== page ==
Read verses 5, 6, and 9 of Joshua 1 where God repeatedly assures Joshua that He will be with him. This is the assurance God ties in to His command to be strong and courageous and not to be frightened (unbelieving, faithless, fearful, not at peace) or dismayed (overwhelmed, anxious, hopeless).

"I will be with you." What more assuring words do we need to hear and know than that the Creator of the universe—the One who has shown us such love that He willingly died on a cross at our own hands for us—the One who has shown us such power that He rose from the dead though all the hosts of hell would have fought to keep Him down—is with us?

Are not these the same words He gave a fearful and doubting Moses in Exodus 3 when He commanded him to lead His people out of Egypt? There was no description of the plan, or how He would free millions of slaves from a powerful and harsh Pharoah. Of all the Israelites, Moses (having been raised in Pharoah's court) would have been most familiar with Pharoah's power, and that of Pharoah's magicians, and of the scope of the problem. For Moses, according to God, there was simply those two most precious and essential things that he, and we, must know—and that are, really, ALL he, and we, must know: "I have sent you, and I will be with you."

Interestingly, as in the case of Moses' knowledge of Pharoah, of all the Israelites save Caleb, Joshua (having been a spy in the land), would be most familiar with the obstacles before him and the scope of the enemy's strength. Doesn't it seem like, sometimes, God is more willing for us to see the size of the problem than He is to tell us how He will take care of it? I believe this is because it keeps us in faith and dependent, and not running on ahead in our own good intentions and ideas. The safest place in the Christian walk, and the most powerful, is the place of total faith, dependence, and surrender where we can truly say, "It is no longer I who live, but Christ is living in and through me—and I live this life by faith."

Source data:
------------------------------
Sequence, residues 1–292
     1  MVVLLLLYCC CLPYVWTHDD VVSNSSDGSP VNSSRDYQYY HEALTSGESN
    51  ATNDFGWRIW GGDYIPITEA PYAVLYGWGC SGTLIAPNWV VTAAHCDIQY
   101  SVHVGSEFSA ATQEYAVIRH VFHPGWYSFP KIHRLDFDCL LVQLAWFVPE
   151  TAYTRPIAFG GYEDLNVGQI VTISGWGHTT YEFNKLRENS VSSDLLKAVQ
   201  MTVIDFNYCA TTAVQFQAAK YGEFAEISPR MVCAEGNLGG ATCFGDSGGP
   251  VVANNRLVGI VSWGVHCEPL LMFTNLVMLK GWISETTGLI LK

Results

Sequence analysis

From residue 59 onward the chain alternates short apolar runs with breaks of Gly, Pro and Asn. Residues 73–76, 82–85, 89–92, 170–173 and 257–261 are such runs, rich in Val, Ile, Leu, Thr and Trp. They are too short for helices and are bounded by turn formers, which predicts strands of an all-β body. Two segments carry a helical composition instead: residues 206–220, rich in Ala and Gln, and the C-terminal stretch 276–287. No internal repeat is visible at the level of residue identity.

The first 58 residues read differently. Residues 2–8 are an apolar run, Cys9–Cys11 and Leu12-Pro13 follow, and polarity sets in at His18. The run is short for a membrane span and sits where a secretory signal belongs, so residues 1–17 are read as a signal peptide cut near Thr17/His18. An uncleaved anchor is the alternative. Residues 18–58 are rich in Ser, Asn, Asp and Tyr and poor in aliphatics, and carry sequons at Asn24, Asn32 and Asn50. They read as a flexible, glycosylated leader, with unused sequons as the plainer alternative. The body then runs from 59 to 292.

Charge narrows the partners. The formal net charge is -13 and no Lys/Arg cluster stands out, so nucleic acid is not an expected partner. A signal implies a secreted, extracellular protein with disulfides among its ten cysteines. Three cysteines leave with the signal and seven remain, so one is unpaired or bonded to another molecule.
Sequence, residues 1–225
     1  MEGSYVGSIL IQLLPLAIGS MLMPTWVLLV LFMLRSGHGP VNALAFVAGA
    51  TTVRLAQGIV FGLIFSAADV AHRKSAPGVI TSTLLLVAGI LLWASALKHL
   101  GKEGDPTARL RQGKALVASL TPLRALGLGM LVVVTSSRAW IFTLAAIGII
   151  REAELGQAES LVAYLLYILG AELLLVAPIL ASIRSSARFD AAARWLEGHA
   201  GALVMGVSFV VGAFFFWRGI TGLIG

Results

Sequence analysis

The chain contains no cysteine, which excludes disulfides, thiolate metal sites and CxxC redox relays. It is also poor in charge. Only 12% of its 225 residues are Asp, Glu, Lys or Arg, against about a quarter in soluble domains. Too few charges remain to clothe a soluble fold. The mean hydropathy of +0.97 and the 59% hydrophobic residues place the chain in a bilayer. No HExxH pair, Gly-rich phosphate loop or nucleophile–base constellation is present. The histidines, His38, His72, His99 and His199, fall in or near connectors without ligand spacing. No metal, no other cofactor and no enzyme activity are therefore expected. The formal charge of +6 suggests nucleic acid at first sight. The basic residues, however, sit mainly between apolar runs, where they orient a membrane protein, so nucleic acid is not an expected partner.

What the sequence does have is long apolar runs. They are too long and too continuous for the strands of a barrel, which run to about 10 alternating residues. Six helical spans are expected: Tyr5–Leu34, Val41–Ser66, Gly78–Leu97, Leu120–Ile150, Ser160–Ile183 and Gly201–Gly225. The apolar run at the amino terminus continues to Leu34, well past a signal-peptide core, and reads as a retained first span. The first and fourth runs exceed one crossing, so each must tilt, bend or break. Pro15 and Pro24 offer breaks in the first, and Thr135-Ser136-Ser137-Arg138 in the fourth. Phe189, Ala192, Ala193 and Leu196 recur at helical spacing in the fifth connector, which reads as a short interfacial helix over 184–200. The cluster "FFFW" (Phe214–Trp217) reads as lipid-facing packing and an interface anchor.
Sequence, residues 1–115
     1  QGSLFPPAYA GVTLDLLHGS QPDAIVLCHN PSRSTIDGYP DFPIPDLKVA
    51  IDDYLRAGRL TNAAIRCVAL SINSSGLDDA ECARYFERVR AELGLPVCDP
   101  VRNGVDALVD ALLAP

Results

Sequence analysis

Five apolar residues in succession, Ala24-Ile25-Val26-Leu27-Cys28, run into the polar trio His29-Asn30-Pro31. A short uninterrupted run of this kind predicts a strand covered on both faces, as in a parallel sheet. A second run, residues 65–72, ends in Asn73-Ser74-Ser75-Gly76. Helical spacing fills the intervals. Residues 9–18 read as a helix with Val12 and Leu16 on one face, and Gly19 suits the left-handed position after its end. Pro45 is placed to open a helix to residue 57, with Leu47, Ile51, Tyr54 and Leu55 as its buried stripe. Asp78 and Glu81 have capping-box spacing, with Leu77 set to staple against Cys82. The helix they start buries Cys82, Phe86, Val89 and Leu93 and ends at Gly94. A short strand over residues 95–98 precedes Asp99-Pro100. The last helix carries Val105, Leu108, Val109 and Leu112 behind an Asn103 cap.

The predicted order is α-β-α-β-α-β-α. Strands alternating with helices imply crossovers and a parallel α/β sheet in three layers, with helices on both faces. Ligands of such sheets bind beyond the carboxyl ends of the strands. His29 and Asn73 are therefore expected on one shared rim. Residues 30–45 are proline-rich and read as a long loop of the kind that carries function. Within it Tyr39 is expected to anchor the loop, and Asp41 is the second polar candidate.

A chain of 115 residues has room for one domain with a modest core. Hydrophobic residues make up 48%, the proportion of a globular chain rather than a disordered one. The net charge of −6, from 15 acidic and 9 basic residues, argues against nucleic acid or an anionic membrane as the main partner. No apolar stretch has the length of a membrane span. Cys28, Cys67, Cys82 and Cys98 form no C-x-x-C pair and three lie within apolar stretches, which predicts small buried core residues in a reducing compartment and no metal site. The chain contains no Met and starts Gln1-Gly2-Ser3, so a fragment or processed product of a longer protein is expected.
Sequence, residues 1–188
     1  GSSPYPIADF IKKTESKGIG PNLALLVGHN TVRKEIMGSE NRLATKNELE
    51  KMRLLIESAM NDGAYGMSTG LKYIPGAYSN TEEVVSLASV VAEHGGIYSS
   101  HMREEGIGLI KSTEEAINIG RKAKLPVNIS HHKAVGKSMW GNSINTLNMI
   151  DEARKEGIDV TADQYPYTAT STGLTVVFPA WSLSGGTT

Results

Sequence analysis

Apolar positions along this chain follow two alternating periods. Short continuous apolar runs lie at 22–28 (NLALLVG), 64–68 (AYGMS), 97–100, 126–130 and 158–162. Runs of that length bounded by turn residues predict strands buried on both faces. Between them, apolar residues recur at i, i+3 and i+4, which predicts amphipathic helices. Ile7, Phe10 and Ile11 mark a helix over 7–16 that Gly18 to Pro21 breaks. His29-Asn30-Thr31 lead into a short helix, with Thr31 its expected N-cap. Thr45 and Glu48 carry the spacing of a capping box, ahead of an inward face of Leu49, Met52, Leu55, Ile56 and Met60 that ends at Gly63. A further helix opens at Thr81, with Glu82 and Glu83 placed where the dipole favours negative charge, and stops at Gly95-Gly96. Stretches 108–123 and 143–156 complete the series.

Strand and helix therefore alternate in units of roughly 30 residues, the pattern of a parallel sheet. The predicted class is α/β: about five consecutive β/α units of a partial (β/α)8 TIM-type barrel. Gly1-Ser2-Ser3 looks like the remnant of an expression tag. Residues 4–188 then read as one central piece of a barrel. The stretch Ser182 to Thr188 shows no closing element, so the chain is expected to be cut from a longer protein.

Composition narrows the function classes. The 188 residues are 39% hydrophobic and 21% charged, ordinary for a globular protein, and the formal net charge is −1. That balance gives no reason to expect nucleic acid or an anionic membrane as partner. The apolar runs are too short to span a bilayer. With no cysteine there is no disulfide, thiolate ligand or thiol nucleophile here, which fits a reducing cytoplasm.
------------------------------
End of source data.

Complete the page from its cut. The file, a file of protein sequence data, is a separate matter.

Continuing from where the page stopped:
Many years later, Jesus came bearing the name Immanuel, which means “God with us.” He came, encased in a human body, and walked among us. But then He left and said something better was coming. He would come to dwell in us in the person of the Holy Spirit. Now, not only is God with us, but He is IN us. No wonder it is the "better” covenant, and no wonder God can say to us, "Be anxious for nothing"!